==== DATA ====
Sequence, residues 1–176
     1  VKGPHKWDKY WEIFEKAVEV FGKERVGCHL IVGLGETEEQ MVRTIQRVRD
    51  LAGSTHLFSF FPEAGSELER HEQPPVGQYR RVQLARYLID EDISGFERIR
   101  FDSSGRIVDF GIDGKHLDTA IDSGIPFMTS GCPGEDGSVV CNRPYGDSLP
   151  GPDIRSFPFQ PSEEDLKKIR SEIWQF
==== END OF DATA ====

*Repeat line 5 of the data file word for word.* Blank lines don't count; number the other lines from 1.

   151  GPDIRSFPFQ PSEEDLKKIR SEIWQF